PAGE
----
Wang’s plan, which soon becomes Han’s, entails some extra steps that lead the opponents over snowy mountain paths in search of Shangri-La, but really only prolong the nonsensical action. Much of this action is focused on bringing the estranged Rick and Alex together, prodded by Evie (“Why don’t we sit down and discuss this like a family?”), and not quite distracted by the appearance of a skilled and beautiful ninja fighter, whom Alex meets while first breaking into Han’s tomb. She turns out to be Lin (Isabella Leong), the sorceress’ daughter, assigned to safeguard the curse. Though she’s about 2000 years old, she’s conveniently preserved at an age suitable for Alex’s amorous attentions (though, as she points out, her immortality and his mortality make for instant tension).
Because she has access to witchy magic, Lin also occasions the film’s most profoundly unconvincing special effects, calling up a crew of abominable snowmen to help her and the O’Connells fight Wang’s army. While it may be true that someone rendering these creatures had some fun, the result is one disorientation after another. First, on their arrival, Evie is suddenly overcome by the recollection that she was, once, an academic, and so yells over the din of battle, “The Tibetans call them ‘yeti’!” as if anyone needs this cross-cultural vocabulary lesson right that minute. Worse, the snowmen themselves behave like high school football players, mugging and fist-pumping, suggesting that they maybe aren’t so ancient as their rep would have it (that, or they get cable up there in the Himalayas). They’re only saved from being the movie’s worst effect by Evie’s brother John (John Hannah), again tagging along to provide unfunny asides illustrating his crass capitalist cravings (“I could use a diamond like that!”), in order to show that at least Rick possesses minimal principles, by comparison.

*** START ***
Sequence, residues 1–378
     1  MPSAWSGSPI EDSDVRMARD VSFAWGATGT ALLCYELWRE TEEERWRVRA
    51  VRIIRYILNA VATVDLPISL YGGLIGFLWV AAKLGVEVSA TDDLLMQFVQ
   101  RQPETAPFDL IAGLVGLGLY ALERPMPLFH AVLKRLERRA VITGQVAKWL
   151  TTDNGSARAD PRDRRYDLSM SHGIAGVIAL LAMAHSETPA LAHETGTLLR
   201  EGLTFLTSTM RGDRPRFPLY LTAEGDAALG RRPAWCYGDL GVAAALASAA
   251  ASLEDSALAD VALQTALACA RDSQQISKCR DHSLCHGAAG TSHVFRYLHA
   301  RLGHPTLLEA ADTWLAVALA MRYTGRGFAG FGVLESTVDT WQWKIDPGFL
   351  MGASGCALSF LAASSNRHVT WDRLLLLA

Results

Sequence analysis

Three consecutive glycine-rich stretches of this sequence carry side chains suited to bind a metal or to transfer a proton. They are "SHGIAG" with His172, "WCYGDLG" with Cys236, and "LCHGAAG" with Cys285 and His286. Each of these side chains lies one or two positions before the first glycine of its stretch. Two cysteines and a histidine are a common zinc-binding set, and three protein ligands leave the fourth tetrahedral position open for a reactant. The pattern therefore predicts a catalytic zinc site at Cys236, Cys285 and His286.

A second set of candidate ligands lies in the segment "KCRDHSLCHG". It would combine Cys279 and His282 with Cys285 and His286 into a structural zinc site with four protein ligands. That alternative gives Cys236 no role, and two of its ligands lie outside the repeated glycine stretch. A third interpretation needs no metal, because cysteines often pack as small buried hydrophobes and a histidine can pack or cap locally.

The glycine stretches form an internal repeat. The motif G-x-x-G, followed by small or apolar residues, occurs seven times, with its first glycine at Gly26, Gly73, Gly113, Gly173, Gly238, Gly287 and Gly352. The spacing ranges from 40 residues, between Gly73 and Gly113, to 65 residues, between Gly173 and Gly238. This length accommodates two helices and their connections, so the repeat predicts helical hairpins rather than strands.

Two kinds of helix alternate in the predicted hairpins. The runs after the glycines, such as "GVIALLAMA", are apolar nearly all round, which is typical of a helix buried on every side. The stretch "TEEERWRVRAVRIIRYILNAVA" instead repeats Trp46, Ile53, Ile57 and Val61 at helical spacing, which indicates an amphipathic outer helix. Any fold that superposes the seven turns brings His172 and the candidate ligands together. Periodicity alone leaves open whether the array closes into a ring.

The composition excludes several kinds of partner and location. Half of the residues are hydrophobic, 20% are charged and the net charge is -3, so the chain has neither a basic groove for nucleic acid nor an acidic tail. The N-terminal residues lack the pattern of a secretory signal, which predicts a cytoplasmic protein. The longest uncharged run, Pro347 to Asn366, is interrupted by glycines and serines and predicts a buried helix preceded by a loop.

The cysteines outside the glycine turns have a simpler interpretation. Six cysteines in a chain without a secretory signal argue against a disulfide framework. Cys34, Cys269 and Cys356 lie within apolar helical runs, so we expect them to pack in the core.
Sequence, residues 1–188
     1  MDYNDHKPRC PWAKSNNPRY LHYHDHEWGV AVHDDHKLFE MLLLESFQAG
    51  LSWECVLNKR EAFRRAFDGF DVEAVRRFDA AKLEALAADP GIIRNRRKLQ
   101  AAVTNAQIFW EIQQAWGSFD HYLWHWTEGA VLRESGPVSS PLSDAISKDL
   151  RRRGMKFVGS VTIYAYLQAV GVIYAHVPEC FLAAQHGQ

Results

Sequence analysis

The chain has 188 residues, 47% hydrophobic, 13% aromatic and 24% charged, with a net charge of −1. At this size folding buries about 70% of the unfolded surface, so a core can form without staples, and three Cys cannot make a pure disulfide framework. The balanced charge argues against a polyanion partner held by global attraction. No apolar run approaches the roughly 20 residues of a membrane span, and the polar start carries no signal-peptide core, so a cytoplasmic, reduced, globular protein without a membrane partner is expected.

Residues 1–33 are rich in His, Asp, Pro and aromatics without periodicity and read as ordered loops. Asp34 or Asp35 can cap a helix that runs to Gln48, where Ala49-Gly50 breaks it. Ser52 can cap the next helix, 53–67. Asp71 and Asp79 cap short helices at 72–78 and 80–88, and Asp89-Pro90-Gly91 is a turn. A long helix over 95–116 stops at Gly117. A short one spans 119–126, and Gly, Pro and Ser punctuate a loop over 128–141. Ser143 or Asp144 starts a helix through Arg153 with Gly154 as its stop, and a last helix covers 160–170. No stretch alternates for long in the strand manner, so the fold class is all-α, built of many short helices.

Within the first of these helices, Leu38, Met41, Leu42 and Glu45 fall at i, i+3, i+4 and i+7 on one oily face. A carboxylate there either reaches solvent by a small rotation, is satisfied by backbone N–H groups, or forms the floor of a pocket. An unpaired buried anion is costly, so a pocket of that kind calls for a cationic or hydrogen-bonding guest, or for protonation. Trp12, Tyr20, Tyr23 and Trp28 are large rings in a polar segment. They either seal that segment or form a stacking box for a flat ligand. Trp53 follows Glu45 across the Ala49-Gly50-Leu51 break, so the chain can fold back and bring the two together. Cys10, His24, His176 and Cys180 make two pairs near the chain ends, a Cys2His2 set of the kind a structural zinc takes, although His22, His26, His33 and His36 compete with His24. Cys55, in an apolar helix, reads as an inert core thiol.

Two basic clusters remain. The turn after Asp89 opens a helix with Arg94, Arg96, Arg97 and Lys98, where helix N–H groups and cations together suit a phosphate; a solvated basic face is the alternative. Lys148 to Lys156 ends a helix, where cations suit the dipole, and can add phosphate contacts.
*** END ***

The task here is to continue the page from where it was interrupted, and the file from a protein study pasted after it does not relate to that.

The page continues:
And this seems the point, if Tomb of the Dragon Emperor might be said to have one. Amid all the poorly edited, atrociously written tumult, the silly CGI and the tragic misuse of Li and Yeoh, Rick remains an appealing throwback hero. Usually reckless but also curiously deft, blithely ignorant but surprisingly shrewd, he’s charming like old school leads in movie serials. It doesn’t hurt that Fraser looks fine here (and not nearly old enough to be that crabby Alex’s dad), not only chiseled as called for, but also enthusiastic, rambunctious, and just self-serious enough that you believe he’d head off on such a cockamamie adventure. Let’s hope that like the first Evie, he learns not to do it again.